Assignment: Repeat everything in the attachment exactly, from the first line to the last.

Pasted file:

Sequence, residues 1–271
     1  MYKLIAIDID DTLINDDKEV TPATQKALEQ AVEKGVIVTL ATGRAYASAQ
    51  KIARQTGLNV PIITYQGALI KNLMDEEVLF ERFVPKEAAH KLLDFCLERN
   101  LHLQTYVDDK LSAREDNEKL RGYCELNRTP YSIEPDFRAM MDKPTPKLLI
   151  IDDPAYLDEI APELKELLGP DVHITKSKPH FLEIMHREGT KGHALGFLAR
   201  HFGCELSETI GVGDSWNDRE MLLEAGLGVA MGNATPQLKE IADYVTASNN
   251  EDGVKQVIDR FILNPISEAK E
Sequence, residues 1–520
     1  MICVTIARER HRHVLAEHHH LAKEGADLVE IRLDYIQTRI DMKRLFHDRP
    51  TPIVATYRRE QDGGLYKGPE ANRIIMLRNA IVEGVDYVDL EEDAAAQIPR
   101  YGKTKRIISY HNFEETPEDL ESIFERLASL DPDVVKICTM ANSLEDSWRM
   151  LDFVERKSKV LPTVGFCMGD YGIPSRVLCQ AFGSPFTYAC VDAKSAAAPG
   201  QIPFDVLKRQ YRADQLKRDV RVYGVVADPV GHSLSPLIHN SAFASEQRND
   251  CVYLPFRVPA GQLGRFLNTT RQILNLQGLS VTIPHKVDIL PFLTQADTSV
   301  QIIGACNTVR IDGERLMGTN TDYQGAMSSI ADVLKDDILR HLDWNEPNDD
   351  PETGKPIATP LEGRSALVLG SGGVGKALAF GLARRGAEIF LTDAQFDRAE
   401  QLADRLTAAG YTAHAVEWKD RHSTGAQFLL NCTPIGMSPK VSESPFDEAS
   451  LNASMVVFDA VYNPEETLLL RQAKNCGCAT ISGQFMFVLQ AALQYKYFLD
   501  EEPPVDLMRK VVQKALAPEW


Sequence, residues 1–271
     1  MYKLIAIDID DTLINDDKEV TPATQKALEQ AVEKGVIVTL ATGRAYASAQ
    51  KIARQTGLNV PIITYQGALI KNLMDEEVLF ERFVPKEAAH KLLDFCLERN
   101  LHLQTYVDDK LSAREDNEKL RGYCELNRTP YSIEPDFRAM MDKPTPKLLI
   151  IDDPAYLDEI APELKELLGP DVHITKSKPH FLEIMHREGT KGHALGFLAR
   201  HFGCELSETI GVGDSWNDRE MLLEAGLGVA MGNATPQLKE IADYVTASNN
   251  EDGVKQVIDR FILNPISEAK E
Sequence, residues 1–520
     1  MICVTIARER HRHVLAEHHH LAKEGADLVE IRLDYIQTRI DMKRLFHDRP
    51  TPIVATYRRE QDGGLYKGPE ANRIIMLRNA IVEGVDYVDL EEDAAAQIPR
   101  YGKTKRIISY HNFEETPEDL ESIFERLASL DPDVVKICTM ANSLEDSWRM
   151  LDFVERKSKV LPTVGFCMGD YGIPSRVLCQ AFGSPFTYAC VDAKSAAAPG
   201  QIPFDVLKRQ YRADQLKRDV RVYGVVADPV GHSLSPLIHN SAFASEQRND
   251  CVYLPFRVPA GQLGRFLNTT RQILNLQGLS VTIPHKVDIL PFLTQADTSV
   301  QIIGACNTVR IDGERLMGTN TDYQGAMSSI ADVLKDDILR HLDWNEPNDD
   351  PETGKPIATP LEGRSALVLG SGGVGKALAF GLARRGAEIF LTDAQFDRAE
   401  QLADRLTAAG YTAHAVEWKD RHSTGAQFLL NCTPIGMSPK VSESPFDEAS
   451  LNASMVVFDA VYNPEETLLL RQAKNCGCAT ISGQFMFVLQ AALQYKYFLD
   501  EEPPVDLMRK VVQKALAPEW